I'm building a game which will use quite a lot of flat UI elements and colors. This is my first ever time doing flatUI, and I want to make sure that I don't over do it. I read that flat UI uses bold colors and subtle gradients to indicate that elements are interactive.

I'm including an image of the inventory screen. It's really busy and has a lot of elements, and I want to make sure that my flat UI buttons won't get lost or be perceived as noise. This is why the close button in the corner is screaming red.

Other things I tried:

  • Added 2px rouned corner
  • 1px golden outline
  • Dark red background

But now I'm facing a problem - there are 5 potion buttons under the character model, and golden border around them seems dizzying, because they are so long. I'm including an image of what they looked before.

How can I indicate that UI elements are tappable when using flat UI without overdoing it?

enter image description here

enter image description here

  • 2
    Flat doesn't mean you should ignore basics of web design. Flat design is just a design trend. Always think of basic principle, anything which is clickable should be standout. You can do following thing: 1. Add slight bevel on buttons(refer facebook) 2: Make BG less saturated and clickable items more prominent 3: Use white space around clickable items so that user can quickly scan the page or screen. Quick tip: After creating high fidelity design go to Photoshop apply 1px Gaussian blur and see if the action buttons are clearly visible. If not add more white space around and play with colors.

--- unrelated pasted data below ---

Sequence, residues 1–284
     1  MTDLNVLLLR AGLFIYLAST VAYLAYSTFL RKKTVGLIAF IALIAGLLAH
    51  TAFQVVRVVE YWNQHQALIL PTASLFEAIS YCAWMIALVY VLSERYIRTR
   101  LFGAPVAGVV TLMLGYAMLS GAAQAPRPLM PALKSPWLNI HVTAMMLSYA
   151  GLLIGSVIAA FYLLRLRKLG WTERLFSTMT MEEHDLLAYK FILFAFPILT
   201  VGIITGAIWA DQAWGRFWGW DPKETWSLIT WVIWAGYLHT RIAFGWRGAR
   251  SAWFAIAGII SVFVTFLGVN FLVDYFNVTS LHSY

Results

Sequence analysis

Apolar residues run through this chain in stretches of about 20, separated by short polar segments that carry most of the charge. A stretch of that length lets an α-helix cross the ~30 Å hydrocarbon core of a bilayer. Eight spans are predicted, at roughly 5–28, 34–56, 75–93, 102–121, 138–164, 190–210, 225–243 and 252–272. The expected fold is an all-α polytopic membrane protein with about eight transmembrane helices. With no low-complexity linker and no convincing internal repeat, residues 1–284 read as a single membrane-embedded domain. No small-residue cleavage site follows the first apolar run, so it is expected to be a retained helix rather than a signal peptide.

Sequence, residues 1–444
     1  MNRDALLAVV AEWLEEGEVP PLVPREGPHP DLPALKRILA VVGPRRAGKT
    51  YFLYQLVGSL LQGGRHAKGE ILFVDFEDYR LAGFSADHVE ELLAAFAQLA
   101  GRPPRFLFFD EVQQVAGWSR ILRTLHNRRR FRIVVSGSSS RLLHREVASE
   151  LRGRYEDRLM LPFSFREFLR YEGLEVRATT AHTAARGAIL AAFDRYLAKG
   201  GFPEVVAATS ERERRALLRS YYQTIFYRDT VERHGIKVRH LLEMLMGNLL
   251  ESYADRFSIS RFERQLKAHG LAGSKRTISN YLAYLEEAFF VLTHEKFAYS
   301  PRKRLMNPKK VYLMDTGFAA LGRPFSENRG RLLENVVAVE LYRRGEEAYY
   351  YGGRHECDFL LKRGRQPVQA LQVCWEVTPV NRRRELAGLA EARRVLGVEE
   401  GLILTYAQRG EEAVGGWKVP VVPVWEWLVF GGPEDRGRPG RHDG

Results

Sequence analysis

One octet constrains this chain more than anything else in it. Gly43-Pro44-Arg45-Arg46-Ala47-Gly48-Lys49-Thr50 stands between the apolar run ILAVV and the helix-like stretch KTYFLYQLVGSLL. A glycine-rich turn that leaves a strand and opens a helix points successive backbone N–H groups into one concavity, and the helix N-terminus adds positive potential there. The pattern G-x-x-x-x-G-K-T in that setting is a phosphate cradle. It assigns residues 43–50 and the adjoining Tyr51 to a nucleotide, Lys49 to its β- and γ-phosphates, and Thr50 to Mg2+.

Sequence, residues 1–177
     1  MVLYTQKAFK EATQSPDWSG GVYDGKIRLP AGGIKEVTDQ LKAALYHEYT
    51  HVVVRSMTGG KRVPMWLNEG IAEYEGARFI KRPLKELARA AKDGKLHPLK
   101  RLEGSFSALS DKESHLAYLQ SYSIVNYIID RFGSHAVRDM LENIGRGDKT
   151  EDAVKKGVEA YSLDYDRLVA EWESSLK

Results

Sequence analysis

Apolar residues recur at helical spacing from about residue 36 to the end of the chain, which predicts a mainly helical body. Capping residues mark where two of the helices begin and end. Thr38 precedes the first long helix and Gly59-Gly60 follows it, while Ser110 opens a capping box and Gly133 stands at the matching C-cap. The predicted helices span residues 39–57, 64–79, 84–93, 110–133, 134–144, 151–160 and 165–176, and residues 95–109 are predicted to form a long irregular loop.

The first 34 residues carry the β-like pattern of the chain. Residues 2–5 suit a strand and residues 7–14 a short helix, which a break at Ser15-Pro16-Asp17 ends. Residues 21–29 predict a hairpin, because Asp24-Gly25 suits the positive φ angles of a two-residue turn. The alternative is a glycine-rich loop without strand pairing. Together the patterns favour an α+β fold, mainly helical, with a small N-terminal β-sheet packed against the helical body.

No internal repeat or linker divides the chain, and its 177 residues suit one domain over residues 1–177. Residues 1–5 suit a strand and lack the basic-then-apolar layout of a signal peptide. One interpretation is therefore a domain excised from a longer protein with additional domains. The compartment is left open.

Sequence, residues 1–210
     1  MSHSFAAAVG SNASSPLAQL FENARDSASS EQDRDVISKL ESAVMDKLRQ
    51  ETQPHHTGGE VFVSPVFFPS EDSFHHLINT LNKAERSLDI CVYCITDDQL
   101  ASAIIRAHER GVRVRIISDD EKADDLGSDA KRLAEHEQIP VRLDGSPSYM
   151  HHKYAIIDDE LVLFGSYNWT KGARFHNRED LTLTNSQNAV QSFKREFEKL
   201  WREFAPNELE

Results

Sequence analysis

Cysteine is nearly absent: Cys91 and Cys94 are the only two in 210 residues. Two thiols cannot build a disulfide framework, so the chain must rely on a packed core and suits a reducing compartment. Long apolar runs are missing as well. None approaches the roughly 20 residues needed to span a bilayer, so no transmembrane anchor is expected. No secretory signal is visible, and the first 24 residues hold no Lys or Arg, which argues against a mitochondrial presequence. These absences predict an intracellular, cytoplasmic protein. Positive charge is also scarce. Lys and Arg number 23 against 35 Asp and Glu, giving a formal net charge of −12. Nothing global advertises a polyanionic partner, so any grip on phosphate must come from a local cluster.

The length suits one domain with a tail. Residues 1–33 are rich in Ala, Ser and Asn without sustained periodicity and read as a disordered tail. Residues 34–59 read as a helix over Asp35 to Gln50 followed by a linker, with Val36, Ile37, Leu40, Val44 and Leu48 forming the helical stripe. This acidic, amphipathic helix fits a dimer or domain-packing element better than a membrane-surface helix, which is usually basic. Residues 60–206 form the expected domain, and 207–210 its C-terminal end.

– UXbychoice
    Commented Jan 7, 2014 at 7:08

2 Answers 2


You have quite distinguishable button style, e.g.:

enter image description here

So use this style for the buttons, or just apply it to some part of long button. It will be consistent solution.


Not to get all existential but since this app looks more tappable than not-tappable it might be worth focusing on distinguishing the non-tappables instead, especially if there are far fewer of them.

I feel like in general there's an expectation of clickability on non-text on a touch device but maybe that's just me.

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